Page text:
Another departure from this world and from our industry...Roy Howell was someone who had a real impact on the development of the UK coin machine industry in general, and the AWP (Category C) in particular over the years.

Roy Howell

His untimely death yesterday – especially for someone so full of vitality – comes as a shock to the business, even to those connected to it only in the 2000s.

But Roy goes back much further. I first met him in the early 1970s when he joined his father’s machine operating business in Wolverhampton (Temple Street, as I recall).

Peter Howell was a big, confident, extrovert who built up a successful operation to the pitch where he could support a manufacturing business.

Maygay Machines was a combination of two operating companies’ names, Mayfair and Gaylord. It grew to be the second largest (after Bell Fruit) AWP manufacturing business in the country.

My own relationship with Roy went beyond ‘business friendship’ to a personal one that lasted throughout my Coin Slot career and into the start-up of InterGame, when Roy was an enthusiastic supporter in real terms – he advertised prolifically. Roy was also my best man when I married his first cousin, Sharon, in 1982, complaining right to this day that I had “pinched the best receptionist Maygay ever had…”

Roy and his sister, June, played their part in building Maygay still further after their father retired and were both active in the trade association, BACTA, of which Roy was at one time Chairman of Division 4.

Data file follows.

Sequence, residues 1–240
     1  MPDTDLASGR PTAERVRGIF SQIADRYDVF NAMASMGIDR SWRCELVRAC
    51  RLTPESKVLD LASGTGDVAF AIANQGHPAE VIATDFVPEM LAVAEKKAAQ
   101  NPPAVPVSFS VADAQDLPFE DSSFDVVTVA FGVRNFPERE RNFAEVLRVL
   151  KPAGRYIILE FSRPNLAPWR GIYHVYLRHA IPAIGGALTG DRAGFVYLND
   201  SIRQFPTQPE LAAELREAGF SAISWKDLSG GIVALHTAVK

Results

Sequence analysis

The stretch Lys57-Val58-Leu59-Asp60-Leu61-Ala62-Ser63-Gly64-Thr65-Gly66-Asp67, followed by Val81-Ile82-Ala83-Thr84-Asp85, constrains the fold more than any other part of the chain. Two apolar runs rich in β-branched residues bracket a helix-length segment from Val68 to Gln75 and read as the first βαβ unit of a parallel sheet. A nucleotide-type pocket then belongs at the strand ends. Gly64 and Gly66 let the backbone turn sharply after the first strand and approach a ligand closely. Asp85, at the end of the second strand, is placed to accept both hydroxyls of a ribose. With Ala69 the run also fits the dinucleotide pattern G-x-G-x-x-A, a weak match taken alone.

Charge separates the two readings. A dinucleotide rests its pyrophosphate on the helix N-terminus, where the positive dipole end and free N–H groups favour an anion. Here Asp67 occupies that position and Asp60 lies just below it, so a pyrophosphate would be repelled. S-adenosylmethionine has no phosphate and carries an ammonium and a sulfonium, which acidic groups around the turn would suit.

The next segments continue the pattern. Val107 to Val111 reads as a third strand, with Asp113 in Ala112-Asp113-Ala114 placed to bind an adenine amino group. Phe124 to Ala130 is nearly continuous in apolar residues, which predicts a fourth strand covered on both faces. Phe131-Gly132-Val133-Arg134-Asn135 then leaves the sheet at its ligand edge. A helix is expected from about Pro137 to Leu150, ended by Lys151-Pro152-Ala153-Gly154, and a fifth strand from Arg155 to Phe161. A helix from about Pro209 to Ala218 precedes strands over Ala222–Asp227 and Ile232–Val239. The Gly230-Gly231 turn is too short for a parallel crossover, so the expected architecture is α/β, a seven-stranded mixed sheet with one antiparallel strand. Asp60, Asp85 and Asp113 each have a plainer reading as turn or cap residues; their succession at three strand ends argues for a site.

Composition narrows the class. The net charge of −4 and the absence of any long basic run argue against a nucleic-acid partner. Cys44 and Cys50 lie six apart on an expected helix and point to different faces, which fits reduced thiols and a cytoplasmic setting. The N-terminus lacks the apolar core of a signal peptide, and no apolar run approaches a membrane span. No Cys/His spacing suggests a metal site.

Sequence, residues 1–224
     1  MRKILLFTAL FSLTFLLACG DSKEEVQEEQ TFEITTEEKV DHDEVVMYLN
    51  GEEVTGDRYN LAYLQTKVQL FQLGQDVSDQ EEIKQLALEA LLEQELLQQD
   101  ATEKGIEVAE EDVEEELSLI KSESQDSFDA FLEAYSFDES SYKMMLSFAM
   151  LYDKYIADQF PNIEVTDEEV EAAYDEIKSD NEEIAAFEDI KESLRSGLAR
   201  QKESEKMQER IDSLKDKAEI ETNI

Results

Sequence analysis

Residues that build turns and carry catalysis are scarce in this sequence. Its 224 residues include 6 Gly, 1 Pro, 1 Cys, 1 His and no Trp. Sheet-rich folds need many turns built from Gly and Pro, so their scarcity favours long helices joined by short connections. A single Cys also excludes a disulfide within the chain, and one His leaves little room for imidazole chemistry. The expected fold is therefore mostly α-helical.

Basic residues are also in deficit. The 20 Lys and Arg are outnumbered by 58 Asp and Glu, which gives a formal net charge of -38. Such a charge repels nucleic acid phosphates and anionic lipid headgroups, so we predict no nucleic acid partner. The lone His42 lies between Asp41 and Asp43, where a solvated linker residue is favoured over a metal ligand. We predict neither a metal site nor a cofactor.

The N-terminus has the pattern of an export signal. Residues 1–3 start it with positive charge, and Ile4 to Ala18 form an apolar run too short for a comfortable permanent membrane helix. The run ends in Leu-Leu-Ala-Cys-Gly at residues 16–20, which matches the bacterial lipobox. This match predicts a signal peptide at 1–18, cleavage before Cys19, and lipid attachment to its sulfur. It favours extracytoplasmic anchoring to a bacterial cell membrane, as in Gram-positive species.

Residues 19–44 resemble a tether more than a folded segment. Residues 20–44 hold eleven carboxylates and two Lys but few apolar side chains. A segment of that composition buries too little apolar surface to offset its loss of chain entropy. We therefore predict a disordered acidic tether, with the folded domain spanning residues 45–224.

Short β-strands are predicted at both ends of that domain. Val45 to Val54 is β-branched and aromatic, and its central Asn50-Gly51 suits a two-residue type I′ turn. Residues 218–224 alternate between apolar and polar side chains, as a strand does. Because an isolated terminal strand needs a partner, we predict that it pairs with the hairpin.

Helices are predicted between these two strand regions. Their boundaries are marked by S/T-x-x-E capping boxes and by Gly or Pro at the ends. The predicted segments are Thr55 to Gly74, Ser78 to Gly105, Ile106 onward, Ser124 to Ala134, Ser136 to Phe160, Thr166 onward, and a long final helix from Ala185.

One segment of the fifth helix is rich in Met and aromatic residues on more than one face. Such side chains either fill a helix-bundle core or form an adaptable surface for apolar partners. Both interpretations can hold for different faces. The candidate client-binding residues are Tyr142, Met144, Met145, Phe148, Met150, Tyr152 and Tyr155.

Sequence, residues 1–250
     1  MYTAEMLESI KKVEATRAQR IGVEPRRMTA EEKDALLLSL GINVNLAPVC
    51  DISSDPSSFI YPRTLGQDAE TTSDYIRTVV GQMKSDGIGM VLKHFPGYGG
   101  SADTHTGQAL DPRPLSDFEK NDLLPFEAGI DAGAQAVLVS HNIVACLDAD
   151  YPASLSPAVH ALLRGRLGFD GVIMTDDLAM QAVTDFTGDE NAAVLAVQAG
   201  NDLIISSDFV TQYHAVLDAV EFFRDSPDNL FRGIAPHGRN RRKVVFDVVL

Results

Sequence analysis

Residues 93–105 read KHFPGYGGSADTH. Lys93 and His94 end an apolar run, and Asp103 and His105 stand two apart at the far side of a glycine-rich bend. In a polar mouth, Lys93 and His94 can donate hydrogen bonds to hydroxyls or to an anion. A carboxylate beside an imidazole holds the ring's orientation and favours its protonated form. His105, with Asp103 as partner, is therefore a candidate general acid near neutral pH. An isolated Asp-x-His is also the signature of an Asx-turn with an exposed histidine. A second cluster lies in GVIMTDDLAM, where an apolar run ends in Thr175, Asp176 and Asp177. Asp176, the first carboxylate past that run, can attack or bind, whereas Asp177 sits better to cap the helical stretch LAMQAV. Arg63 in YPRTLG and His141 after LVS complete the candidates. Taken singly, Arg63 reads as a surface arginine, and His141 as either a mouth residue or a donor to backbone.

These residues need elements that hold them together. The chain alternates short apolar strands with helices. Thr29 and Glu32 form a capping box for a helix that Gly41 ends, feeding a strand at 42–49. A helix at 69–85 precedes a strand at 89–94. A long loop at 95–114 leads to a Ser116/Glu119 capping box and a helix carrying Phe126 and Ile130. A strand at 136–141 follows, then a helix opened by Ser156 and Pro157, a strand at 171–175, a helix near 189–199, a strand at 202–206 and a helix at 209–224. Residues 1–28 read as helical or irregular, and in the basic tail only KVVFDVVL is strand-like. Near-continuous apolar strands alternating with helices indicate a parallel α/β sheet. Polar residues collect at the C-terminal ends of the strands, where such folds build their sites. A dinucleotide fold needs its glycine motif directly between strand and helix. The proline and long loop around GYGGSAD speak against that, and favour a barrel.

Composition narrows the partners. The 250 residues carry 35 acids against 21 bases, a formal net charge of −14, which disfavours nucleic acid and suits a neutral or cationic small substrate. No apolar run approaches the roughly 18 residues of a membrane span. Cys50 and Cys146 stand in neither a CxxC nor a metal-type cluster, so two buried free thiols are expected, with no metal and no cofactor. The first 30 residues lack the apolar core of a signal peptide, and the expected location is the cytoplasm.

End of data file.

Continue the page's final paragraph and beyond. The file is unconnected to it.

He was very much the extrovert. Roy had a keen, sometimes acidic, sense of humour, regularly took bets with me over England vs Wales rugby matches, when hunting, shooting and fishing with other characters from the industry (notably Jack Jones of JPM and Colin Taylor of CT Leisure) and loved life.

I think the best tribute to Roy comes from old colleague Steve Murray, with whom Roy set up Games Media: “Roy was a hard working, hard living character who rarely did things by half. Ubiquitous at trade associations and exhibitions, I fondly referred to him as the “Entertainments Director." A keen shot and fly fisherman, Roy lived the life of a country squire. He will be remembered as being larger than life and living it to the full.”

Another heart-felt tribute, this time from Dean Harding of Crown Direct: “I am absolutely gutted that ‘the Boss’ has gone. I worked with him for 12 years and he has been my friend and mentor for over 30 years and I loved every minute of it. I was supposed to meet him for lunch last week when he was taken ill. I cannot believe it.”

Charles Henry, on social media: “My thoughts are with Sue and the family at this sad time. While it is many years ago that I was a director of Maygay and worked closely with Roy, the memory and fun we had remains vivid. He had that special quality of affecting positively the lives of those he knew and will be much missed.”

They’ve said it all…